For only driving a couple of hours to get there and staying at my uncle's lovely home in Cayucos free of charge, I cannot complain at all about the event organization, snacks and meals, or token gifts. The details of all of that have been excellently related by previous posters and I agree that it was rather lackluster but I suppose my expectations weren't that high, and if I attend again I'll keep it that way!

The photos below should all be pretty straight-forward, and I also added one of my lovely wife Galina for those of you who didn't get the opportunity to meet her. She was extremely excited for me all the while and also enjoyed the weekend. Cheers!

-Gregory










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Old 05-04-22, 11:14 PM
  #696  
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Originally Posted by Kilroy1988 View Post
Hello all!

Well, I've been reading along with other people's replies and I can't say that my opinion of the weekend has been phased much, but I think it is relevant to point out that this was not only my first time attending Eroica, but it was only my second or third organized cycling event ever - I am not antisocial but I absolutely do not normally prioritize such things. However, as a Californian and with my new career allowing me the flexibility necessary to ride during the months leading up to the event, I was really excited to finally attend and enjoyed myself thoroughly.

-Gregory
It was great to finally meet you and your lovely wife! Thanks so much for the box of goodies, I'll put the bits I got to good use.
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Old 05-05-22, 05:19 AM
  #697  
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Kilroy1988

That "pal" was none other than Paul Sadoff of Rock Lobster fame, the man himself, one of the best and still hard at it. He and Brent go way back.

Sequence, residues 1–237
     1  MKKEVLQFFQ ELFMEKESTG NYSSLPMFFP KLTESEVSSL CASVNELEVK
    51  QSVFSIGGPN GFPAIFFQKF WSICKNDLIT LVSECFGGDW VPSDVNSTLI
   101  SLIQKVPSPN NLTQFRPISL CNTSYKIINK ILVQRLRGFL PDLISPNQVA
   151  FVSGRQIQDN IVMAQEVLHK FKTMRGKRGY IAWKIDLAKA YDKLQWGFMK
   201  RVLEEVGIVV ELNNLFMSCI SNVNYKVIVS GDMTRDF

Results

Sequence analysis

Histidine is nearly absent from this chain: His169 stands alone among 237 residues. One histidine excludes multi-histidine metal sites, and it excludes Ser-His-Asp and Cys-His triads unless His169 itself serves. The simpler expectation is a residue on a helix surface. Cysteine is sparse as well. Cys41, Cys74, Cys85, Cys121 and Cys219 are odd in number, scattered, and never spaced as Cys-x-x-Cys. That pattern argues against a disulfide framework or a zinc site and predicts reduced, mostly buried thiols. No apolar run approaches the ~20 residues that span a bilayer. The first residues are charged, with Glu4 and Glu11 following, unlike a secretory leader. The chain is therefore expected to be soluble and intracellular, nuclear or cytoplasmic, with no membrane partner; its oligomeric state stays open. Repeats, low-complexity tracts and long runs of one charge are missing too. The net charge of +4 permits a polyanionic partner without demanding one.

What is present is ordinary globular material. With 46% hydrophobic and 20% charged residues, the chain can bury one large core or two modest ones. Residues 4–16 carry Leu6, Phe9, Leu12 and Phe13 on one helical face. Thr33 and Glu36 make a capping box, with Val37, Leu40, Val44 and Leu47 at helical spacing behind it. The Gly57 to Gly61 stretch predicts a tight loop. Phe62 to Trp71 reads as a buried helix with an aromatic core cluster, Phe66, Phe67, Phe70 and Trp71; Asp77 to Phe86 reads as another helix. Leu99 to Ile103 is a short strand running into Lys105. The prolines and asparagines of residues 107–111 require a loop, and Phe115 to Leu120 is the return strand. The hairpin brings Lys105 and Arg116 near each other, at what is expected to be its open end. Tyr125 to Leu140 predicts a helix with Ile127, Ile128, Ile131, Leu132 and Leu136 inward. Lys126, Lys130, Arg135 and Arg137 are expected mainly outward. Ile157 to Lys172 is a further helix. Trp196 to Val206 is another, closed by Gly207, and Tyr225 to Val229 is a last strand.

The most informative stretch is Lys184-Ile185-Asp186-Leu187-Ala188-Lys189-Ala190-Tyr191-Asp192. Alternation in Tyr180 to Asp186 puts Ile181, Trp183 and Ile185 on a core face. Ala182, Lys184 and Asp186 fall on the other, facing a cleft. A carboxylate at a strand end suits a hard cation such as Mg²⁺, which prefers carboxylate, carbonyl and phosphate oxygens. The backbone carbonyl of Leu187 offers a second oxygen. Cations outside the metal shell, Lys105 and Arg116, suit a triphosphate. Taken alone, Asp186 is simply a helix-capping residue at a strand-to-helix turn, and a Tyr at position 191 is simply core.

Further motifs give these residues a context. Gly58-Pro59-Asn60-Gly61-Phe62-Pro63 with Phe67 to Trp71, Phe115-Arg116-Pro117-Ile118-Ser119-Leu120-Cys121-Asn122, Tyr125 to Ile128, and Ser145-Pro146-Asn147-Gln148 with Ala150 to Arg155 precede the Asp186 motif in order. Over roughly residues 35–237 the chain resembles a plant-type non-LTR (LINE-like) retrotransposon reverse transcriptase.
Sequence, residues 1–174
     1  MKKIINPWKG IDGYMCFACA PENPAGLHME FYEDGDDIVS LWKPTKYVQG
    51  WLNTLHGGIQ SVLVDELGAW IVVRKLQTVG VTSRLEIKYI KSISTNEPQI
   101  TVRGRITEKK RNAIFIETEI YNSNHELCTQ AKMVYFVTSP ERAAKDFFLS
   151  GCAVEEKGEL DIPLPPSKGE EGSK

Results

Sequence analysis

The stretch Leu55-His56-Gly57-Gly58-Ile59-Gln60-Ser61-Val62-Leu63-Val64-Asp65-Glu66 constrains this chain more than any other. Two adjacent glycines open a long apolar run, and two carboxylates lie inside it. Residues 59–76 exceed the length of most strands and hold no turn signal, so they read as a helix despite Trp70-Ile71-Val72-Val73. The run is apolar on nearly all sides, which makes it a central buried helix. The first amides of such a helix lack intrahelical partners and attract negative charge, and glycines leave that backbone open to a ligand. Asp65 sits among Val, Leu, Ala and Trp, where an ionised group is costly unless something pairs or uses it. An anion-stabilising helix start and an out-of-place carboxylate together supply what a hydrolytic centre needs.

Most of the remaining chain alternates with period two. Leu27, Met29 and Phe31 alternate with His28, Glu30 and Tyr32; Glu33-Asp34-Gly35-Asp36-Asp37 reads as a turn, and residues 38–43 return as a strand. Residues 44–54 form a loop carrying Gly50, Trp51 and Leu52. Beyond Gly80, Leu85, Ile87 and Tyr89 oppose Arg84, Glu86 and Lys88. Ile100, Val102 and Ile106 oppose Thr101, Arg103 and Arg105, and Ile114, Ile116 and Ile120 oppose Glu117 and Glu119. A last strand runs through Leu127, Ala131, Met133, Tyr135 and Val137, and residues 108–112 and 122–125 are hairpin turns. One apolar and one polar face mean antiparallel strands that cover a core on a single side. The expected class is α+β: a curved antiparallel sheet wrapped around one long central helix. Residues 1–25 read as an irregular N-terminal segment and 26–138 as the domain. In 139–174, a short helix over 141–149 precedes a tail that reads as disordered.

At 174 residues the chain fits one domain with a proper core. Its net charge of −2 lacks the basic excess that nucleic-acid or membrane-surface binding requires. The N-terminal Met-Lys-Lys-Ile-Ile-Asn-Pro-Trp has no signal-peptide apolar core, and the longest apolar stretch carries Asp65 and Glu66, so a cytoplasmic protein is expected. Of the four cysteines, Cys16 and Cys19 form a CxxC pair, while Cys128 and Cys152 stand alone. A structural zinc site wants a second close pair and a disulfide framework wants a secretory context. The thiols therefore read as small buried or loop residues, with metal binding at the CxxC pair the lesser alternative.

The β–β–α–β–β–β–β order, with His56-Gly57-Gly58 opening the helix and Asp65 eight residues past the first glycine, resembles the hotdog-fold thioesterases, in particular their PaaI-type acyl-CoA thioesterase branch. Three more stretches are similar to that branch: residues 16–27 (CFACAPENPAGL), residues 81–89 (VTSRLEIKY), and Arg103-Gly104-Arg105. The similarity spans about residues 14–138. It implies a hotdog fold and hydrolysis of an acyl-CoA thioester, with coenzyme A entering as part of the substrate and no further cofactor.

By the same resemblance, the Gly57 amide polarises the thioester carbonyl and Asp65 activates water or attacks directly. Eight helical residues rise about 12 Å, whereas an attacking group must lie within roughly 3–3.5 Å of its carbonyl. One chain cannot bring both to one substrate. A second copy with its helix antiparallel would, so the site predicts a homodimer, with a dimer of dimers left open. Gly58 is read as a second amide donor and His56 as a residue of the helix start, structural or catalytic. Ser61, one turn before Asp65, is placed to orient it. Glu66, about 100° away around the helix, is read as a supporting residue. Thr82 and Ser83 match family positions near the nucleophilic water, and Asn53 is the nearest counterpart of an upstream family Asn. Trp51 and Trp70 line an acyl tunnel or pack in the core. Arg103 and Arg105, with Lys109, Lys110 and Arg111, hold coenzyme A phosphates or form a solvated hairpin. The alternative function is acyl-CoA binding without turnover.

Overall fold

Brent dropped a frame off at my house early on in my BF tenure that he had gotten from Paul and restored, it still languishes. A Moto TC.

Great to meet you as well, I may have been foolish to lean on your wife about not riding, my bad, tell her I apologize.

The goodie box was very generous and helped get the Paramount moving in the process of where its headed, can't believe I didn't grab the rack right off, its perfect.
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Old 05-05-22, 12:19 PM
  #698  
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I have that same color International, but in a smaller frame around 57 cm, mine came built and rides fantastic..
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Old 05-05-22, 02:04 PM
  #699  
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Originally Posted by Classtime View Post
Hi Dave. Welcome to BF. I’m sure everyone would like a picture of your Olmo and I bet that someone has a line on a bottle cage that would be appropriate. There were a few places that you kept pedaling through that I would have walked so thank you sir. And it was nice that you would still talk to me after I led you off course for an extra extra significant climb that was beyond Heroic.

edit: Dave's Olmo has wooden tubular rims!
Thanks for the positive feedback! I just consider that "extra significant climb" as "value added" to the Eroica event! I am so glad I committed to attending and look forward to future events. I can post pictures once I make 10 posts in this forum.
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Old 05-05-22, 03:27 PM
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Kilroy1988 for the win with classy British bike, slouch hat and Spitfire pilot shades!